•  Despite delays, still on track for final rules this summer ◦ “While there are difficult open issues with which we must contend, there is every reason to think that the institutional arrangements we have at the Basel Committee will be able to rise to the challenge.” Charles Taylor, OCC Deputy Controller and Chairman of the Basel Committee Supervision and Implementation Group, 5/2013  New risk weights are significantly different and will change how banks value and price assets
  • Risk weight for category 1 residential mortgage exposures (percent) Risk weight for category 2 residential mortgage exposures (percent) Less than or equal to 60% 35% 100% Greater than 60% and less than or equal to 80% 50% 100% Greater than 80% and less than or equal to 90% 75% 150% Greater than 90% 100% 200% LTV ratio (in percent)
  • Key assumptions  Percent of DTA’s related to Operating Losses and Tax Credit Carry forwards = 5%  Percent of 1-4 Family Loans ◦ Category 1 = 54% (50% <60% LTV; 35% 60 to 80% LTV; 10% 80-90% LTV; 5% >90% LTV) ◦ Category 2 = 46% (80% <80% LTV; 10% 80-90% LTV; 10% >90% LTV)  Percent of High Volatility Commercial Real Estate (HVCRE) loans = 10%  Percent of TRUPS to total assets = 1.5%  No minority interests, past due government guaranteed loans or other items under Basel III
  • Current Rules Basel III Difference (decrease) Leverage Ratio 10.91% 9.20% (1.71) Common Equity Tier 1 Ratio N/A 12.59% N/A Tier 1 Capital Ratio 15.91% 12.59% (3.32) Total Capital Ratio 17.16% 16.57% (0.59)
  •  Timeline and sales process  Which advisor (if any) to hire?  Which assets make sense to dispose?  The representations and warranties in the sale agreement – “As Is” v. other reps such as lien positions, performance, risk rating, etc. This will also depend on whether this is a distressed versus non-distressed sale
  •  How wide of an audience? How many interested parties constitute successfully establishing a market? Are files scanned and available for off-site due diligence?  How do you pool the portfolio? How current is the information? Operating statements, rent rolls, appraisals, etc.?  Closing process - preparing the assignment documents, negotiating the sale agreement
  •      Bulk disposition vs. systematic disposition Bulk disposition allows a bank to quickly move past legacy problems and focus on growth and opportunities Systematic disposition is helpful to more capital-sensitive banks, but likely to depress earnings over a long period vs. an expeditious resolution Larger NPL portfolio sales attract institutional buyer interest and are fairly quick to execute Smaller banks can join in multi-bank loan sales organized by Clark Street and other providers; assets organized by geography, collateral and performance “Stop being a company with its face toward the CEO and a$$ towards the customer.” - Jack Welch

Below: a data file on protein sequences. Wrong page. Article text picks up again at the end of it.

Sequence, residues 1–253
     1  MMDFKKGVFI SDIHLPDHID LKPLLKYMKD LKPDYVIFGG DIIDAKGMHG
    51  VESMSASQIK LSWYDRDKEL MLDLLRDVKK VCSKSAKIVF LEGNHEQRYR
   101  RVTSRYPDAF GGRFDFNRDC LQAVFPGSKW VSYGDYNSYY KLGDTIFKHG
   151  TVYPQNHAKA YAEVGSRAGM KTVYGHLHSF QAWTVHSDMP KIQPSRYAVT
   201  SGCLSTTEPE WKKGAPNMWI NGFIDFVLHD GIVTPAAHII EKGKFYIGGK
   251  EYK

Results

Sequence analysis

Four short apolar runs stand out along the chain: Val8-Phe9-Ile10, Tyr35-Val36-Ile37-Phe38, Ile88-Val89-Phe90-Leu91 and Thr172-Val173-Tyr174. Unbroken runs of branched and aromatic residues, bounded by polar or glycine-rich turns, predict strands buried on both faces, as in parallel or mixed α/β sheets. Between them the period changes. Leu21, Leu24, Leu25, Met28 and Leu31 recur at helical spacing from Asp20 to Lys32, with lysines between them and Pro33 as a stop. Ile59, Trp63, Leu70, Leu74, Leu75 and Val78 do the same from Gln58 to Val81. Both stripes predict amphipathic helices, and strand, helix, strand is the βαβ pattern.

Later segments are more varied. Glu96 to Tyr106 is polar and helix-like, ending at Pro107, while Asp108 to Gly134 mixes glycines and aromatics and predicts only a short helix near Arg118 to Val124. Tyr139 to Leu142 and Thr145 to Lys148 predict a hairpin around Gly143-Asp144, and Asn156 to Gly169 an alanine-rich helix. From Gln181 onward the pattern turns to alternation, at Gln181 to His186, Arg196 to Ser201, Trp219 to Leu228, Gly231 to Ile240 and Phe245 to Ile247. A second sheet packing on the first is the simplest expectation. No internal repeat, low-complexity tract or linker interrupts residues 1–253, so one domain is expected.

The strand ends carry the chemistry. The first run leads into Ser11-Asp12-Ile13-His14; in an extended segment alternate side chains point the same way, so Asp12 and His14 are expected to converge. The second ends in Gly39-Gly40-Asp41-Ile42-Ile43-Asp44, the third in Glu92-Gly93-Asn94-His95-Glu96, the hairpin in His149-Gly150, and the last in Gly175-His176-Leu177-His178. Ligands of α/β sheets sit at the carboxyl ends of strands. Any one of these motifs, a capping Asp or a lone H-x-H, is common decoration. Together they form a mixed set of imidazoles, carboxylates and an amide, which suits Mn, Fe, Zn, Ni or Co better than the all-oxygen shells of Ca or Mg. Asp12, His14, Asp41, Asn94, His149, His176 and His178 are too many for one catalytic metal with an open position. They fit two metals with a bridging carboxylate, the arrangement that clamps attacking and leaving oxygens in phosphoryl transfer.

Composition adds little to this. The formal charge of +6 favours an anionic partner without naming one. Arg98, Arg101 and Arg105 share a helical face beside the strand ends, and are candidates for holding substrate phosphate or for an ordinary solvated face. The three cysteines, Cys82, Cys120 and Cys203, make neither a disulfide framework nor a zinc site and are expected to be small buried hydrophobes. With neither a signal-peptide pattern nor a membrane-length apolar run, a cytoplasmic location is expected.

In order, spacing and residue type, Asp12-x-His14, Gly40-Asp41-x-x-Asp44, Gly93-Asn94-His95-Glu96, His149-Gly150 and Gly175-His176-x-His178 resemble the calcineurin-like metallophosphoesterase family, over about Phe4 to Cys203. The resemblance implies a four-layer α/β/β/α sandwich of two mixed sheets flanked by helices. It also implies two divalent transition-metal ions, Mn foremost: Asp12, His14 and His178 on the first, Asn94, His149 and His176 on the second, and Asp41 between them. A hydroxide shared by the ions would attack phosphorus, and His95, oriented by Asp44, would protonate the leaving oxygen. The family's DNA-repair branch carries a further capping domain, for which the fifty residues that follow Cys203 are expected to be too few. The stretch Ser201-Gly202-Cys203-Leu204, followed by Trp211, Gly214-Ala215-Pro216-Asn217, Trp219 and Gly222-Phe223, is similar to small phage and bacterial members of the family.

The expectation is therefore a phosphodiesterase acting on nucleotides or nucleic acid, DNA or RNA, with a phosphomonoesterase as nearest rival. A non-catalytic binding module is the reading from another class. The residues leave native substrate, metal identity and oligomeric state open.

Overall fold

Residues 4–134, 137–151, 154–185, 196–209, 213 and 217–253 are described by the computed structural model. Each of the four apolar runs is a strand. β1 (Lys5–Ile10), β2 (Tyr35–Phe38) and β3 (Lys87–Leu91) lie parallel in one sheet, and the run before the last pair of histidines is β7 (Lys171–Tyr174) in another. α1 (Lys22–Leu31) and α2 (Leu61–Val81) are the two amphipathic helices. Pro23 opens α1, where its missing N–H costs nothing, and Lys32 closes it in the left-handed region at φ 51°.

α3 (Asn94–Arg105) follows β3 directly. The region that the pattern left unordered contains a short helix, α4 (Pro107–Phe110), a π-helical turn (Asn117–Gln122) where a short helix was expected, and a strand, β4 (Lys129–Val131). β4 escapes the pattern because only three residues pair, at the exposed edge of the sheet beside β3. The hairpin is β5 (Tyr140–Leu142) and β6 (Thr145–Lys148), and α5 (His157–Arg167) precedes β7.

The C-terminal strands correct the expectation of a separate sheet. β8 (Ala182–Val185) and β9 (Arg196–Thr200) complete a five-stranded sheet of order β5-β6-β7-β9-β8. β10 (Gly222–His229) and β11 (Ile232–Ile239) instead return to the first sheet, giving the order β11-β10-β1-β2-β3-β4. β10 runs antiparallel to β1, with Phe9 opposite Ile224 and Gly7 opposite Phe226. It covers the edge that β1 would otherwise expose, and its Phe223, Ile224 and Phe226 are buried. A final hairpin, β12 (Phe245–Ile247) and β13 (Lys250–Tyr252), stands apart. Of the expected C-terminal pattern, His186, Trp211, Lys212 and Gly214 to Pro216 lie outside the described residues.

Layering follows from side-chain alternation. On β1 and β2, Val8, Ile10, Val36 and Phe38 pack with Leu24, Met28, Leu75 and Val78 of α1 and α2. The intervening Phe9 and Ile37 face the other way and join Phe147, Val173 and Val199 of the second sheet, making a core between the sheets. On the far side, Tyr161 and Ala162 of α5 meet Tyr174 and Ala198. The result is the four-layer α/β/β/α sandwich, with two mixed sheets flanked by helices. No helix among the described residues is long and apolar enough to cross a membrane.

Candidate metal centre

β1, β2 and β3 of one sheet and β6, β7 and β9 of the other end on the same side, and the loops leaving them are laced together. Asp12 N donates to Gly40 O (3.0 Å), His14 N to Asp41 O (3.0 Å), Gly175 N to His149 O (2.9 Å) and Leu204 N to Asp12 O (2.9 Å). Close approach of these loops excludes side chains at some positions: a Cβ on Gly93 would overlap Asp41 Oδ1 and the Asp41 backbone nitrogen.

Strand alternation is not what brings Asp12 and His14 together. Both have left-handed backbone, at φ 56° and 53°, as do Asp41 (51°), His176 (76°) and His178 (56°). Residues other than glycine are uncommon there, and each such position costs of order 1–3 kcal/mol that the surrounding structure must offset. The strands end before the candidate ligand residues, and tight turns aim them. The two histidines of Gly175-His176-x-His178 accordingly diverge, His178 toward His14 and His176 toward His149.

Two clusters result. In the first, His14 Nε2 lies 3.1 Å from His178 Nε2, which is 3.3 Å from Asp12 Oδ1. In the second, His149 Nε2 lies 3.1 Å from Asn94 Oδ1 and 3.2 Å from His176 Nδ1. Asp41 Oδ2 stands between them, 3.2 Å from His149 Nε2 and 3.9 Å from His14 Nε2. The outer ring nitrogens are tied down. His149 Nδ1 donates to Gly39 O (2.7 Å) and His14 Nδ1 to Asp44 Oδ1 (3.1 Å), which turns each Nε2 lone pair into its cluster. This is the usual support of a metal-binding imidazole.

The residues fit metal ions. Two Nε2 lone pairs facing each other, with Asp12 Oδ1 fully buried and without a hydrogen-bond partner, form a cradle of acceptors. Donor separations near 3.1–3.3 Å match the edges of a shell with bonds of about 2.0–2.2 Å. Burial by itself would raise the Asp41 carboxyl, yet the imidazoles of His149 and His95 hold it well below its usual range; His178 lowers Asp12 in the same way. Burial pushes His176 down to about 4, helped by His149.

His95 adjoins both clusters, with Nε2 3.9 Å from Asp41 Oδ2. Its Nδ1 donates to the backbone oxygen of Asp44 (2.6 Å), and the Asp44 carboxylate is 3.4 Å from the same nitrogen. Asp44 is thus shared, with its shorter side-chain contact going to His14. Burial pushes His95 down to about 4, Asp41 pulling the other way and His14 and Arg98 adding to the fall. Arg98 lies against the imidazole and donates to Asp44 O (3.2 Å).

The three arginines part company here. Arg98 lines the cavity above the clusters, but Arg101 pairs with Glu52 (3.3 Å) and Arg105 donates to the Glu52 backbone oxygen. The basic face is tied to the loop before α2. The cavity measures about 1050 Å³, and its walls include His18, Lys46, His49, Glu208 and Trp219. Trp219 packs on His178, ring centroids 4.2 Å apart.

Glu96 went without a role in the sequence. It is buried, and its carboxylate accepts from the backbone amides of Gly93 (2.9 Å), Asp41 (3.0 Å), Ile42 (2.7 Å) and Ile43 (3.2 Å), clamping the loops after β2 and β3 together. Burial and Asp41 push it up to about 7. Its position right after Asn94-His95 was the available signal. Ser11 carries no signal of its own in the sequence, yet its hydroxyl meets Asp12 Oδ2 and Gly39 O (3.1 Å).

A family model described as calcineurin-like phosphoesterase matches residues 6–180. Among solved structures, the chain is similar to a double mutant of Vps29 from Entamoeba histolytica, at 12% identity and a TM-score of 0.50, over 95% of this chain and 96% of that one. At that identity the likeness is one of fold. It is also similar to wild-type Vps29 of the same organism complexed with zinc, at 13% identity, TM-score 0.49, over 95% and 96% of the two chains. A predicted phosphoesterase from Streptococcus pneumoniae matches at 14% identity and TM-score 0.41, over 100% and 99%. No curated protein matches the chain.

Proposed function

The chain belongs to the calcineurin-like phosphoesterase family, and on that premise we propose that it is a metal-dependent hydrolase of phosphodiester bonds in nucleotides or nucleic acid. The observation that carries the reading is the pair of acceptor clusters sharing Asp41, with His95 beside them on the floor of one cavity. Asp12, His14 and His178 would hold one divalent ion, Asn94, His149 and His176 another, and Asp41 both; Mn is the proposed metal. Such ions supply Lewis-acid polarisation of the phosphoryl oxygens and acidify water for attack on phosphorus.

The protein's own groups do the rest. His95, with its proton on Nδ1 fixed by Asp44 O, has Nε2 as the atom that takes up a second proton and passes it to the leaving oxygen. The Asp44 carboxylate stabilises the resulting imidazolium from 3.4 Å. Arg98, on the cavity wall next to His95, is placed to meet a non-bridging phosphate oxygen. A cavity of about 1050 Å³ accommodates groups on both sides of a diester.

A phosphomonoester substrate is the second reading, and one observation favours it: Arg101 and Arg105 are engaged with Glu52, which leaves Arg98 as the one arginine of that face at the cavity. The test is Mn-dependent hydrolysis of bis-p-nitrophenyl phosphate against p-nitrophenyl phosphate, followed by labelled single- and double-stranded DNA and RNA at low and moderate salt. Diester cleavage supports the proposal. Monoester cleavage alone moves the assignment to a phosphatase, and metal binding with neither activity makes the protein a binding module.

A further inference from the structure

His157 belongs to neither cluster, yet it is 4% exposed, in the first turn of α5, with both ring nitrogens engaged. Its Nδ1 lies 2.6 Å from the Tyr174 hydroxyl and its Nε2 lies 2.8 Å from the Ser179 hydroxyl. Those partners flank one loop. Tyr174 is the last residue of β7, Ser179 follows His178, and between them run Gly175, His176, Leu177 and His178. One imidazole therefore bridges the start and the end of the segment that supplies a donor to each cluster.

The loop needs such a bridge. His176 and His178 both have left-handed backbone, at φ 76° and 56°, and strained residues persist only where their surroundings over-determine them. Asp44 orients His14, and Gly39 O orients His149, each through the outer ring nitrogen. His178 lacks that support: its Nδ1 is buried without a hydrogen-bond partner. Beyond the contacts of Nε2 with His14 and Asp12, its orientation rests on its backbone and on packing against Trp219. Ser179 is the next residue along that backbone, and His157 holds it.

•  Palmetto Bancshares After receiving a consent order in June 2010 and raising additional capital, Palmetto Bancshares faced its problems head-on and focused much of its energies on reducing NPAs. Using a series of loan sales, the Greenville, SCbased institution reduced NPAs by 80% in three years and exited its consent order earlier this year. After first disclosing a loan sale in June 2012, the stock price increased by 98% in less than a year, while the KBW bank index rose by 36%.  Flagstar Flagstar Bancorp decided to exit a non-core business of Northeast asset-based loans, equipment leases, and commercial real estate loans. At the end of 2012, Flagstar sold a $1.2 performing portfolio of loans and loan commitments (current outstandings were $785 million) for 99% of tangible book value to CIT. The transaction was consummated just 21 days after CIT first reviewed the transaction.
  •  Multi-Bank Sale Clark Street successfully sold a $15MM non-performing, non-cash flow generating CRE loan in Kentucky. The loan was secured by the Turfland Mall, the most high-profile distressed retail asset in the state of Kentucky. The loan was originated and initially serviced by an investment bank that sold participations to 14 banks in 6 states. That’s right – fourteen banks! Ultimately, we needed 16 parties to unanimously agree on the resolution of the loan relationship, resulting in a win/win for all parties involved.
  • Jon Winick President, Clark Street Capital (312) 662-1500 ext. 13 jon.winick@clarkstcapital.com www.clarkstcapital.com Mike Lubansky Director of Consulting Services, Sageworks 866.603.7029 ext. 651 mike.lubansky@sageworks.com www.sageworksanalyst.com